Slow Wine Guide USA
'Slow Wine Guide USA' is a new and revolutionary guide to the wines of California, Oregon, New York, and Washington. Thanks to the help of a handful of expert contributors, we’ve selected the best wineries from each state and reviewed their most outstanding bottles.
The idea behind 'Slow Wine' is simple: it acknowledges the unique stories of people and vineyards, of grape varieties and landscapes, and of their wines. The awareness that wine is more than just liquid in a glass helps wine lovers make better, more conscious choices and enhances the very enjoyment of this beverage. Since its beginnings in Italy twelve years ago, Slow Wine has combined its tasting sessions with equally important moments of exchange and debate with producers. The direct contact with winegrowers and winemakers allows for a genuine, authentic, and always up-to-date report on what’s happening in America’s vineyards and cellars.
Each winery receives a review divided in three sections: the first one is dedicated to the people who live and work at the winery, the second to the vineyards and the way they’re farmed, and the third to the finest wines currently available on the market.
The very best wines are awarded the Top Wine accolade. Among these we have the Slow Wines—which beyond their outstanding sensory quality are of particular interest for their sense of place, environmental sustainability or historical value—and the Everyday Wines, representing excellent value at prices within $30.
The most interesting wineries on the other hand are awarded the Snail, for the way they interpret Slow Food values (sensory perceptions, territory, environment, identity) while offering good value for money; the Bottle, to wineries whose wines are of outstanding sensory quality throughout the range; the Coin to those estates offering excellent value for money.
In Search for Meaning
‘In Search for Meaning’ is the first published book by artist-photographer Felisa Tan. This striking collection covers most of her major work for the past fifteen years, many of which were never published before. Consisting of seventy-two photographs exquisitely made and sequenced by Felisa herself, unveiling spellbinding and strange mundane subjects from her extensive travels and light experimentations at home, she has created a record of the way she experiences the world after undergoing more than a decade of evolution as an artist and human being.
Felisa’s photographs reflect honest, clear observation, and an intricate and layered way of seeing, as she watches life unfold itself before her eyes. Her exceptionally loaded ways of looking at the world are reflected in her handling of space, composition, synchronized colours, shapes, and framing, and rather imperfect subjects and places. Common things—graffiti, carnivals, twilight, lonely scenes, and empty spaces—are all transformed by her subtle luminous vision into an extraordinary teacher, filled with ageless Presence and wisdom. The consistency of her proclivity towards certain kinds of places and moments of time, and deep insightful rendering of these moments, present us with an extension of her present tense, reading of meaning, and judgment of what might be of timeless importance to the readers in every phase of their lives. Furthermore, with her ability to grasp the little details that come her way as both an individual and a representative of a larger human and universal context, this rich compendium of images in both natural and human settings transport the viewer into the heart of childlike wonder and a lush infinite Universe.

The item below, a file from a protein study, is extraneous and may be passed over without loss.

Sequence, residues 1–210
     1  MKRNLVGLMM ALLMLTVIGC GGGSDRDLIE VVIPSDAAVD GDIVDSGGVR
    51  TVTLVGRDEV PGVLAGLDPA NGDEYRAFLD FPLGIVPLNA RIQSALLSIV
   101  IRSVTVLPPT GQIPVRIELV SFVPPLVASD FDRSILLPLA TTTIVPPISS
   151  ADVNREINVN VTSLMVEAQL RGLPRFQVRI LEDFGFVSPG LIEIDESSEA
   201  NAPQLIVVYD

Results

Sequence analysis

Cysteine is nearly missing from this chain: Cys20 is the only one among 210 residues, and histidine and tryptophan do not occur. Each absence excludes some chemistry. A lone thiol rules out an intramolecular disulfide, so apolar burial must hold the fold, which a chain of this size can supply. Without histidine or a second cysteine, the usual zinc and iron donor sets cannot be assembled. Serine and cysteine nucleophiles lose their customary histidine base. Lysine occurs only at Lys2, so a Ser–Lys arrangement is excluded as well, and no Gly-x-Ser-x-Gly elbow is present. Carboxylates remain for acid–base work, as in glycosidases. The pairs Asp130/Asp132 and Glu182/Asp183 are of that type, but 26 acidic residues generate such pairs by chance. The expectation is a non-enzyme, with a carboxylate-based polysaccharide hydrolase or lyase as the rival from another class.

The Parisian cafe is an integral part of the city's daily life no matter the weather, the time of day or year, the mood or neighborhood. It is the spirit of the cafe, the dance of the waiters, the camaraderie of the patrons, the perpetual movement and joy, that brings Joanie Osburn to share a dollop of history, a shot of insight, and a boatload of images that celebrate the Paris cafe as a cultural heritage worth celebrating and preserving. Cafe Society: Time Suspended, The Cafes, & Bistros of Paris. The book is neither a history book nor a cookbook, but a nontraditional travel guide, coffee table, and lifestyle book about a treasured lifestyle. Osburn's unique perspective, honed over many decades as an American in Paris exploring and capturing images of cafe society, captivates and amuses with anecdotes and insider recommendations. Cafe Society: Time Suspended, The Cafes, and Bistros of Paris is a book that matters now as the world reopens and eager travelers return to Paris.
The spirit of the cafe brings Joanie Osburn to share a dollop of history, a shot of insight, and a boatload of images that celebrate the Paris cafe as a cultural heritage worth preserving.
Photoscape and the Egg
‘Photoscapes and the Egg’ is an intimate book to be savored and kept nearby, perhaps on a coffee table because of its sheer beauty. Inside its robin egg blue cloth cover are improvised photos of objects, nature, and art, each matched with a photo of an egg inside a cosmic circle—eggs with personalities from the calm ethereal to the hot aggressive. In full, there are more than 100 stunning color photos, all taken with an iPhone.
The match of phenomena and eggs alludes to the dance of the material world with the invisible “birthing source” represented by the egg. Accompanying text and poems bring stories to the dance.
The juxtapositions evoke surprise, insight, emotions, hope, and refreshment. They make wry jokes and touch on realities beyond the obvious. This book contains unabashed gentleness and spiritual toughness without pretense.
Photoscapes and the Egg sprang from the mind of Patricia Z. Smith, a 79-year-old photographer and writer with extensive life experience and a pull since childhood to meld the physical with the esoteric.
The design by Louis Brody is modern and serene. The book is a gift to the reader and her or his friends. It is a resource for these times and our future.